How To Laminate Dough

dana in dough

Partially reprinted with permission, this is my most recent piece over at Lucky Peach, How To Make Laminated Dough.  This piece covers the in’s and out’s of laminating dough, the painstaking process of folding and layering butter and dough to make impressive things like croissants and puff pastry. For the full article click the link to Lucky Peach!

I’m never surprised to hear that home cooks are intimidated by puff pastry. With 729 layers—yes, really—puff pastry can make you feel like you have 729 opportunities to mess up. But it isn’t only amateurs who shy away from the extravagantly layered pastry—puff pastry strikes fear into the heart of professional cooks as well. And with mechanically perfected puff pastry available from the freezer section of most grocery stores (or one from a trusted purveyor, if you’re a professional), it’s easy to avoid ever using the technique yourself.

Classically, puff pastry is made by “laminating” dough. Used to make croissants, Danish, and any other flaky, buttery pastry, laminating dough involves wrapping a block of butter in a lean dough made of water and flour. The layers are created by a series of “turns,” wherein the dough is rolled thin and folded over itself. This process stretches and stacks the butter and dough until there are 729 paper-thin layers.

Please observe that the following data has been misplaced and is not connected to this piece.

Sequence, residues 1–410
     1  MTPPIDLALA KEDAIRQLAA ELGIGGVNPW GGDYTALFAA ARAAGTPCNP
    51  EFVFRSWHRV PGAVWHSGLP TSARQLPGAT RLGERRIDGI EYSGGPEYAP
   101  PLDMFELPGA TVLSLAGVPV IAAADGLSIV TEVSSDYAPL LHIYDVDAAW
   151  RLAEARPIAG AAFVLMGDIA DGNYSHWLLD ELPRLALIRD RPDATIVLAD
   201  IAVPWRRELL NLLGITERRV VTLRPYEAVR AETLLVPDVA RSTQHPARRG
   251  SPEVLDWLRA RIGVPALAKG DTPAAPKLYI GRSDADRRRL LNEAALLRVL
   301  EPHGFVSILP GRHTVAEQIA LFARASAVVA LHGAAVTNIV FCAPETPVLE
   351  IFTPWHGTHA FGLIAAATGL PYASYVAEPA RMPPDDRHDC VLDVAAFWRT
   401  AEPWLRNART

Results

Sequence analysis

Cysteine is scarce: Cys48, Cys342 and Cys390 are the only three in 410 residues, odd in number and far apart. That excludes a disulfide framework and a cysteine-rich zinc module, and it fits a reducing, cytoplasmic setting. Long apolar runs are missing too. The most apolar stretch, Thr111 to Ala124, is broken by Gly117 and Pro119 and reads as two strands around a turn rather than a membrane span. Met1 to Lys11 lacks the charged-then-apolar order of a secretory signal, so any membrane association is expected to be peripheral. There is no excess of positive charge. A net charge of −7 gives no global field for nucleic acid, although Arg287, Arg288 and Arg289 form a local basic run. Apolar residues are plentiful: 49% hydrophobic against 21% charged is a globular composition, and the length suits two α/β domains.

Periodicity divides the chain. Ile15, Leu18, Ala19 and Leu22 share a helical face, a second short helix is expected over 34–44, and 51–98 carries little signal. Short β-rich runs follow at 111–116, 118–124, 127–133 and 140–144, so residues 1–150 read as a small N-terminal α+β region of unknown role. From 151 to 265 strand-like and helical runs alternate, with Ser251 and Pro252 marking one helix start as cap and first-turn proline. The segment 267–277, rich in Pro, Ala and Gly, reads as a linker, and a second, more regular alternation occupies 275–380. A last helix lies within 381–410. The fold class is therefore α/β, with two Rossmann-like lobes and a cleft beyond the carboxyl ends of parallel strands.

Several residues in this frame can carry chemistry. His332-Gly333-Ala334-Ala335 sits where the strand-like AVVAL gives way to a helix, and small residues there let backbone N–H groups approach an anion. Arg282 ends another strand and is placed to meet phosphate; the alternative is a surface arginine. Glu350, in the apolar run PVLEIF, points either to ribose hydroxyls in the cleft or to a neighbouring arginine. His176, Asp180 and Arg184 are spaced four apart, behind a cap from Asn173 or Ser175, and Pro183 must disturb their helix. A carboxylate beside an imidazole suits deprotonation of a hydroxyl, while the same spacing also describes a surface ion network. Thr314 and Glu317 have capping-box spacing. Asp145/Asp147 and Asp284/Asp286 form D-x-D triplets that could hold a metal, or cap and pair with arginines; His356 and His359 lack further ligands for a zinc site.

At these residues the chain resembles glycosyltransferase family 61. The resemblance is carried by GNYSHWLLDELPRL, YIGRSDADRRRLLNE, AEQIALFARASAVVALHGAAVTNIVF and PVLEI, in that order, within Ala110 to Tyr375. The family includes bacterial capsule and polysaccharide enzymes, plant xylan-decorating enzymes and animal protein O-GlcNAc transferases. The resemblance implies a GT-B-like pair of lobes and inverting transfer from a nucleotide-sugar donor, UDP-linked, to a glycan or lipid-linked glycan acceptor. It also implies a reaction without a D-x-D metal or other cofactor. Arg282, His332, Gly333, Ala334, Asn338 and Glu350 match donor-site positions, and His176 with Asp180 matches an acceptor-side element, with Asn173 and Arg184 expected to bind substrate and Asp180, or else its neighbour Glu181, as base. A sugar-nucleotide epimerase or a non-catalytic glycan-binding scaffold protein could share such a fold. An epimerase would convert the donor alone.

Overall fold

There are two types of turns performed when laminating dough: a book turn and a letter turn. The book turn requires you to fold the wide edges inward to meet at the center, then fold the dough again over the center line, as if closing a thick book. A letter turn asks that you fold the dough over itself in thirds, much like you would fold a sheet of letter paper to fit in an envelope. The choice between book or letter folds depends on the pastry: croissants, for example, are letter-folded, while Danish are typically book-folded.

I first “learned” how to make laminated dough in baking and pastry school, where I made puff pastry a grand total of two times……….

Continue reading at Lucky Peach!

And don’t forget to check out the recipe for Rough Puff and try your hand a lamination!

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